Kerri Klatt

Staff Writer

  The Dean of the Engineering, Business, and Information Technologies Division, Kelli Zelesnki, gave a eulogy for WELD-ED Associate Professor of LCCC, Duncan Estep at his funeral service on Dec. 16, 2017, at the Busch Funeral Home in Avon Lake, Ohio.

  The service was held from 2-4 p.m. and followed by a memorial service. Estep, 60, was also the Center Director for WELD-ED.  He was born on July 6, 1957 and had been employed at LCCC from Aug. 2002 until his death on Dec. 6, 2017. “I have worked with Duncan most of my career, as manager and educator,” said Zelesnki. She has known Duncan for 28 years working together in the industry as well as the college.

“What made him a great manager really made him a great professor,” said Zelesnki. “He cared about his employees and he cared about his students.” She went on to say that students often confided in Estep when they were struggling with life issues. “Huge issues such as alcoholism, drug abuse, and homelessness,” she said. “He would make sure he helped them somehow, whether it was connecting them to a resource or whatever means to help them.”

Estep’s previous employment included Buckeye Electrical Solutions and Marconi Communications. Zelesnki explains that “As director of WELD-ED, Duncan also mentored the WELD-ED staff and established relationships with colleagues, universities, and industry to create a highly successful National Center for Welding Education.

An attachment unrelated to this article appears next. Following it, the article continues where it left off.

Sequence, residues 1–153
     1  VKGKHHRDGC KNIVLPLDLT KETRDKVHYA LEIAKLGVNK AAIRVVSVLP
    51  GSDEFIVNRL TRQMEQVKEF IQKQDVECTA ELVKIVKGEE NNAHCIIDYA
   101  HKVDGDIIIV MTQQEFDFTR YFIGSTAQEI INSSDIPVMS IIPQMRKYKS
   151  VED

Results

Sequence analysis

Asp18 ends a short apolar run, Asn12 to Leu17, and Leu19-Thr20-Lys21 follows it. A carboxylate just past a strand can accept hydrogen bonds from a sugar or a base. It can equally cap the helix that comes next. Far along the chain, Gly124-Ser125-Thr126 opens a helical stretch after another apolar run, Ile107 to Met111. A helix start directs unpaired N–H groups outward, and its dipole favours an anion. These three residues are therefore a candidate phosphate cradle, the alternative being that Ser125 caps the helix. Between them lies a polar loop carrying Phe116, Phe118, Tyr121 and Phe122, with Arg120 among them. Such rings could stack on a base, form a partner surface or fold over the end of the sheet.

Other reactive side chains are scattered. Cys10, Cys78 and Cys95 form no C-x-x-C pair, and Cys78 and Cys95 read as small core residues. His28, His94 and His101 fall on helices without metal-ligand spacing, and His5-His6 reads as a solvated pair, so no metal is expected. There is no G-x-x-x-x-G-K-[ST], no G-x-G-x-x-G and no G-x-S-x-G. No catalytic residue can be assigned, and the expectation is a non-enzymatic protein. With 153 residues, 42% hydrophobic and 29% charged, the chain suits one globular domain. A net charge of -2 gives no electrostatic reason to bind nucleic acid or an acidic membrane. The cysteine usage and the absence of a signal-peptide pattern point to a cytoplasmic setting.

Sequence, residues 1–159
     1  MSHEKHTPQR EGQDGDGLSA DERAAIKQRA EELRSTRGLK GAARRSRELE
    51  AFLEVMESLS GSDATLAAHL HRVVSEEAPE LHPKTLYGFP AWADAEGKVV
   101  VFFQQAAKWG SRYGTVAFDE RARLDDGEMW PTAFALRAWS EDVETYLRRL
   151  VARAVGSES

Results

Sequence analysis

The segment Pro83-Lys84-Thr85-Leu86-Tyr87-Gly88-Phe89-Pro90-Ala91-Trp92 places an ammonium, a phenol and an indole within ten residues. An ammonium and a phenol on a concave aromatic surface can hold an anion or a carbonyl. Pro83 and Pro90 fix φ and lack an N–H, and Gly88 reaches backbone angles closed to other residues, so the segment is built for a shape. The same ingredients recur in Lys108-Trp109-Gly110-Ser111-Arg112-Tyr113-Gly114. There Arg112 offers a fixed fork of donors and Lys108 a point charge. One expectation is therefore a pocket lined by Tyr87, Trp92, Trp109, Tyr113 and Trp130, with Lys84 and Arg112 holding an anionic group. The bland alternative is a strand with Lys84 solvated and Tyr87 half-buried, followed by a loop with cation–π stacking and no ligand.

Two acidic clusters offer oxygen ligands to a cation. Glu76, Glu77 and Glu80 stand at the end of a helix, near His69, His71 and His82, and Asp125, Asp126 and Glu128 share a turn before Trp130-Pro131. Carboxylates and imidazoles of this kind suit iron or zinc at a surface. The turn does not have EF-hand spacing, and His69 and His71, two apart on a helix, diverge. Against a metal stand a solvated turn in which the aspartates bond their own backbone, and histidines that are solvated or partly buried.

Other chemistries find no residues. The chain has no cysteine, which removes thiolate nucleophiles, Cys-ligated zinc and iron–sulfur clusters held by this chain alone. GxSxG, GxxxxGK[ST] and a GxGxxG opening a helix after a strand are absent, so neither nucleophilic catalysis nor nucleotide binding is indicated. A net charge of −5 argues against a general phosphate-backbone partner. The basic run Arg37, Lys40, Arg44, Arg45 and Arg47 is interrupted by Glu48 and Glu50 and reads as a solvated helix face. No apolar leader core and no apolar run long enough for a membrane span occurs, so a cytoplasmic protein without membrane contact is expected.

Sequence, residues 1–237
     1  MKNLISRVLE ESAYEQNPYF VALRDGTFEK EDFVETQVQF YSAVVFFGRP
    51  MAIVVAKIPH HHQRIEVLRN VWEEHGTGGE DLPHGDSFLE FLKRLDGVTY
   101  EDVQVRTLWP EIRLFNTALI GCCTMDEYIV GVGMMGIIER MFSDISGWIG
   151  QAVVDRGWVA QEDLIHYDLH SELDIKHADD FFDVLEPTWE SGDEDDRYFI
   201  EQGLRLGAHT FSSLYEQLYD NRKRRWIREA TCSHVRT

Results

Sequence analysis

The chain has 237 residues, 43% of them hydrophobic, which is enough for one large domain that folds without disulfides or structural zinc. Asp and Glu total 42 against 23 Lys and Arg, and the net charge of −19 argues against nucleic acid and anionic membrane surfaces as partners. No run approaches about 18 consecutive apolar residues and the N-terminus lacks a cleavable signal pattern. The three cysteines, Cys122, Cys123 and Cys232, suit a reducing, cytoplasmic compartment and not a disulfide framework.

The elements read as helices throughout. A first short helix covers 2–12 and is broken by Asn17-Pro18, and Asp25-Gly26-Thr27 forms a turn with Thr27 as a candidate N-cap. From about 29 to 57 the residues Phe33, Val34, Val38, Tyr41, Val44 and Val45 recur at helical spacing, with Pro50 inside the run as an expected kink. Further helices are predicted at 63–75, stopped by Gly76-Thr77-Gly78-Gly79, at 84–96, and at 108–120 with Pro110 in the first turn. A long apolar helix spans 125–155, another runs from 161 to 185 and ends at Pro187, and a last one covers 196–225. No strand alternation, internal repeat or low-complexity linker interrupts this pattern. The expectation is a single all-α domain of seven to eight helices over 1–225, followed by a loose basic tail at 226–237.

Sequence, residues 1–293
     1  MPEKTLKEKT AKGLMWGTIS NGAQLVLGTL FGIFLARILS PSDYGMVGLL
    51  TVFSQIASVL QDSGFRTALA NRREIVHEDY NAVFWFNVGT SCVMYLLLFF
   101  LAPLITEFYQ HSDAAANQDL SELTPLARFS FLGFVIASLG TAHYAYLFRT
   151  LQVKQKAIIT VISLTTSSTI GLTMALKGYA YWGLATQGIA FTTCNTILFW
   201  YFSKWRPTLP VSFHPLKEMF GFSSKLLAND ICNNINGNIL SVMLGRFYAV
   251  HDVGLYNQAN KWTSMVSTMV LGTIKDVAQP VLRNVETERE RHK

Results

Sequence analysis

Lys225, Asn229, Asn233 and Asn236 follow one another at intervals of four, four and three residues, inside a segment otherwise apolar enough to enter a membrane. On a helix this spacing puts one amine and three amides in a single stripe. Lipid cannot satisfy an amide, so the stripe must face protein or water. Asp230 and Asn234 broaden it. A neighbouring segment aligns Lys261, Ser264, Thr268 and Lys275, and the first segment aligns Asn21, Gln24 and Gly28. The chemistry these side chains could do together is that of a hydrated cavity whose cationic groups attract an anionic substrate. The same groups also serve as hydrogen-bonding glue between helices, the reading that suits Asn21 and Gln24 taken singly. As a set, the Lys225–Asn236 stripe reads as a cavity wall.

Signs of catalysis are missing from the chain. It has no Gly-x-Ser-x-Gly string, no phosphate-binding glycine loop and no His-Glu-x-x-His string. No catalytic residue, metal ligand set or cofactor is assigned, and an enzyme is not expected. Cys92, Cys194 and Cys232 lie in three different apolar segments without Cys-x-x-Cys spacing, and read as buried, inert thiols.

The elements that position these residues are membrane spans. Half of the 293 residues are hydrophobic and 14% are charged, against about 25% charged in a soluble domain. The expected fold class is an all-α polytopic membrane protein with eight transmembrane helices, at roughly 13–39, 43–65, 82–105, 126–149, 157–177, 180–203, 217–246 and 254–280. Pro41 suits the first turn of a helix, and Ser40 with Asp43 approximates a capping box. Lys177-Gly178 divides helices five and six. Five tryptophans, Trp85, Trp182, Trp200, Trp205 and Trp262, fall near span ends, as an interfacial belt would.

“Duncan was an engineer’s engineer,” said Zelesnki, “He enjoyed building things as much as designing things.”

Estep had earned a bachelor’s degree in Electrical Engineering and Applied Physics as well as a master’s degree in Systems Engineering-Controls at Case Western Reserve University. Estep had attended the university from 1976-1985.

  Estep was also a resident of North Ridgeville and is survived by his wife, two children, and two granddaughters.

  “It’s only fitting to close with this WELD-ED quote from Henry Adams: ‘A teacher affects eternity; they can never tell where their influence stops,” said Zelesnki.